controlling the Presidency itself, the movement could not
achieve its goals.

3. (U) Pachakutik,s national coordinator, Guilberto
Talahua, similarly claimed the indigenous movement is growing
stronger, especially at the local levels. He agrees that
their political bases are consolidated and stated that they
haven't lost their credibility. Pacari said that the media
wrongly assume the weakness of the movement. Instead, she
believed the indigenous movement suffers from an "image"
problem. Regarding the fizzled attempt at mobilization in
June, she said that while some of the national leaders
didn,t support it, the leaders at the lower levels reacted
and rejected pro-Gutierrez indigenous leaders.

From Partners to Kingmakers
----------------------------

4. (SBU) Pacari was very critical of Gutierrez saying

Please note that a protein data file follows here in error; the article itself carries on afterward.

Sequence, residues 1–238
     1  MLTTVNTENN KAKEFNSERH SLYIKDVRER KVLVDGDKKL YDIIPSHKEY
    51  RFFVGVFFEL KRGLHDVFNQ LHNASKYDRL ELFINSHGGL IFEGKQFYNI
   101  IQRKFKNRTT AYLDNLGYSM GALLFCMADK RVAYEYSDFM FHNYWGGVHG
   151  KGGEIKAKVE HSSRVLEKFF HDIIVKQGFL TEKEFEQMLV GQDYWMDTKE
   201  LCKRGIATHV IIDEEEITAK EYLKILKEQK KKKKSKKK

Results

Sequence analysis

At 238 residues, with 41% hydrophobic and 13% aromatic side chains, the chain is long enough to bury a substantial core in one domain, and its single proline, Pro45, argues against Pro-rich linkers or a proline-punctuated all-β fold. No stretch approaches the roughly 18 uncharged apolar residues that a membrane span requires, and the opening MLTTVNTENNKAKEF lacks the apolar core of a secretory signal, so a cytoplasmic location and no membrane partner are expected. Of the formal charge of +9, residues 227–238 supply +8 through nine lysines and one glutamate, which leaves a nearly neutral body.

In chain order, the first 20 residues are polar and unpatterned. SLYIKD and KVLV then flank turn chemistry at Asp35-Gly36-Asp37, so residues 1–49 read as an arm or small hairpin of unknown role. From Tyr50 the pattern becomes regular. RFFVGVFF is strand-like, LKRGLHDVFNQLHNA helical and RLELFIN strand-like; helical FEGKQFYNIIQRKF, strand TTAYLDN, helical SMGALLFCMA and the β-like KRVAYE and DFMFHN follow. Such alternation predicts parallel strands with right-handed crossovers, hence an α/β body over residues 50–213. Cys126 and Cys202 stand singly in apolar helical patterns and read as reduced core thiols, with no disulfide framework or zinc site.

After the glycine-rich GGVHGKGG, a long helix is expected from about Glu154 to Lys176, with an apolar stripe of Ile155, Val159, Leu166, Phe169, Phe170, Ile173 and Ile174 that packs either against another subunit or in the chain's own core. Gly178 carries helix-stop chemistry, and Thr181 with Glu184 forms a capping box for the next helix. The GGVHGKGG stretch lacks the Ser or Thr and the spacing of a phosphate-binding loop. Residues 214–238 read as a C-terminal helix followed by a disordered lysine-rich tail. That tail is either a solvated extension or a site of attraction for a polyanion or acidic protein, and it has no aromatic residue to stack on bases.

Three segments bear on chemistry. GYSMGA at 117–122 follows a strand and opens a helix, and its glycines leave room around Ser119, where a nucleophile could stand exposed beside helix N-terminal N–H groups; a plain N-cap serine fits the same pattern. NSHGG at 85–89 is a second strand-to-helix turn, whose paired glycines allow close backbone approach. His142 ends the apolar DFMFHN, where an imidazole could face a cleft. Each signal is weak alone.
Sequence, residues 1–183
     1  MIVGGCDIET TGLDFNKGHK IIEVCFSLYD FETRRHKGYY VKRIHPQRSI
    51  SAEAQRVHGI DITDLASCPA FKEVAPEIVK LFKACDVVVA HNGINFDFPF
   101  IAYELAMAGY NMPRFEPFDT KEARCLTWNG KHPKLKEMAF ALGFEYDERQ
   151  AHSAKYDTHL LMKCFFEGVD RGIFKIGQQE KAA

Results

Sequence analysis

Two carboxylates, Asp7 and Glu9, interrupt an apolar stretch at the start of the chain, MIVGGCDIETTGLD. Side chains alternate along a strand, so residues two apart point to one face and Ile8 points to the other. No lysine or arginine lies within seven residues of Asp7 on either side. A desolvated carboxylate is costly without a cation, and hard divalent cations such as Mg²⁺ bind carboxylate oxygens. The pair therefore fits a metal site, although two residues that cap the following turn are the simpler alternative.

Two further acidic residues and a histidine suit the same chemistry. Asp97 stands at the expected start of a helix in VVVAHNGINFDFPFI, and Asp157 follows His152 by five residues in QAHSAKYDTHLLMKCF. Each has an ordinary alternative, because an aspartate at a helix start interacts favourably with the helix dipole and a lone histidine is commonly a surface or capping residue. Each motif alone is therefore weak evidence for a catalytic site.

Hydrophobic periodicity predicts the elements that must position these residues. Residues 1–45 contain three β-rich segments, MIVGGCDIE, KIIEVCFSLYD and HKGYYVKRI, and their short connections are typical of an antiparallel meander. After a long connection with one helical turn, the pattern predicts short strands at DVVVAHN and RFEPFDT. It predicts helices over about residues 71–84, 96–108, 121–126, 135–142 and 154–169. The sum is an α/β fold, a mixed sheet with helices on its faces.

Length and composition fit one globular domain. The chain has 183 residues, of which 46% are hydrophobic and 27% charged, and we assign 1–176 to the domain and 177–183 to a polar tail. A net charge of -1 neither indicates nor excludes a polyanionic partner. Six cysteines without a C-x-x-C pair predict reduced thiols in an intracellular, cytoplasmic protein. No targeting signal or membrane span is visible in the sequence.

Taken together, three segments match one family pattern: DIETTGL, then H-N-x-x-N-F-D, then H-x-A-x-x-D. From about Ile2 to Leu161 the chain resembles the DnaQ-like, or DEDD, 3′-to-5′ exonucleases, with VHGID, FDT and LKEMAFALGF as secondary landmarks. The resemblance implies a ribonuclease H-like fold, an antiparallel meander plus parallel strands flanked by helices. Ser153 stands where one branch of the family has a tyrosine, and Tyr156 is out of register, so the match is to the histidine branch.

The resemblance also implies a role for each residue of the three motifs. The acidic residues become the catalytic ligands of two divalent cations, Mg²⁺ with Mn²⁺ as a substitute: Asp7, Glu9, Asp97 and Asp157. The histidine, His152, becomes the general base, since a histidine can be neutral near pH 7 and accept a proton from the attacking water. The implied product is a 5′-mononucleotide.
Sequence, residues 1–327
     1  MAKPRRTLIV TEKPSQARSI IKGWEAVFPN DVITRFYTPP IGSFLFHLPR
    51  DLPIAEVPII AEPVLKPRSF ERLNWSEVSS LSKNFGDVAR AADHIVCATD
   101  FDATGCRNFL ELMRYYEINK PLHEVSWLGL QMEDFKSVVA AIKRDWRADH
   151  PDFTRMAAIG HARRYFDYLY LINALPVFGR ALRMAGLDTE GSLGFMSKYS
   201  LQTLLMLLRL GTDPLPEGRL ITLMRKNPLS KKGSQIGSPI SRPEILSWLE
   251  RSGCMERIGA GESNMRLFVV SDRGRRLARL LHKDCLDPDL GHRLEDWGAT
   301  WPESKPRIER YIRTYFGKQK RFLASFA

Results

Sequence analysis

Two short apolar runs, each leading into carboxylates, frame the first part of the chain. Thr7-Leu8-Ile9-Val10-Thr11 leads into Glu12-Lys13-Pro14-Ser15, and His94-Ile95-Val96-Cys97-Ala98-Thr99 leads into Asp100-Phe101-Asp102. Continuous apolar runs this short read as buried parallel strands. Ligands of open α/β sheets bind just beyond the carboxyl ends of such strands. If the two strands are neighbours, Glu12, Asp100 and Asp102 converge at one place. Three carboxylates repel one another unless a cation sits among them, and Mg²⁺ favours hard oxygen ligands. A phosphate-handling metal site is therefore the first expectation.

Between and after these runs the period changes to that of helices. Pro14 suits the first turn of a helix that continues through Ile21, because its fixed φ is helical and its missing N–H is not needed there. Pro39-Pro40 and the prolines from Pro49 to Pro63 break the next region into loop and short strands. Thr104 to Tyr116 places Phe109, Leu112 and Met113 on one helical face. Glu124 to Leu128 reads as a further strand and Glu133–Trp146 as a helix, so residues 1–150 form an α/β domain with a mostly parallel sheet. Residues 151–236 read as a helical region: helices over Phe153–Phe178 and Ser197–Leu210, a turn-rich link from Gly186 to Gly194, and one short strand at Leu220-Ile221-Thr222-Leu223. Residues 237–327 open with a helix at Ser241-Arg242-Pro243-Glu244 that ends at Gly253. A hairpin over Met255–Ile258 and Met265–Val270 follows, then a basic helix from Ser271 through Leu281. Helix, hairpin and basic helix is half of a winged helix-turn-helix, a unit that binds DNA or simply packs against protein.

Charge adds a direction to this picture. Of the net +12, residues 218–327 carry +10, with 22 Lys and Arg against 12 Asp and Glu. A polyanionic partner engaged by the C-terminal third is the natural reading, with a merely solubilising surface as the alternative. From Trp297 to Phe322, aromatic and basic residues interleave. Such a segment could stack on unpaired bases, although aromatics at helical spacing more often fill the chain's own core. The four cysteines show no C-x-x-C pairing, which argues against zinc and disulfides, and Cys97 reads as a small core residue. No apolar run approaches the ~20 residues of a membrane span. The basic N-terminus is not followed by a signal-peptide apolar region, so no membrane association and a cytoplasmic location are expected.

Gutierrez had committed worse offenses than former (corrupt)
President Bucaram. However, the movement is not interested
in getting rid of Gutierrez unless more "extreme" conditions
arise. She said the Social Christian Party (PSC) is waiting
for an opportune moment to get rid of Gutierrez and had
sought to enlist the help of the indigenous movement;
however, the indigenous are not interested in serving PSC
interests. She said that by getting rid of Presidents
Bucaram and Mahuad through protest the movement hat matured
and now realizes "change for the sake of change" is not worth
it unless there is someone better who can step in and respond
to the historic moment. Today, she said, conditions are not
right for an indigenous mobilization to oust the President.
However, she warned, Gutierrez, "divide and rule" approach
and neo-liberal policies could conceivably drive the country
to just the "extremes" that could provoke popular reaction.

5. (SBU) Minister of Government Raul Baca, told the
Ambassador on August 24 that despite the indigenous
movement's substantive differences with GOE policy, he
maintains an open door for dialogue with the indigenous. The
GOE is very pleased that the indigenous movement has chosen
to participate within the democratic electoral process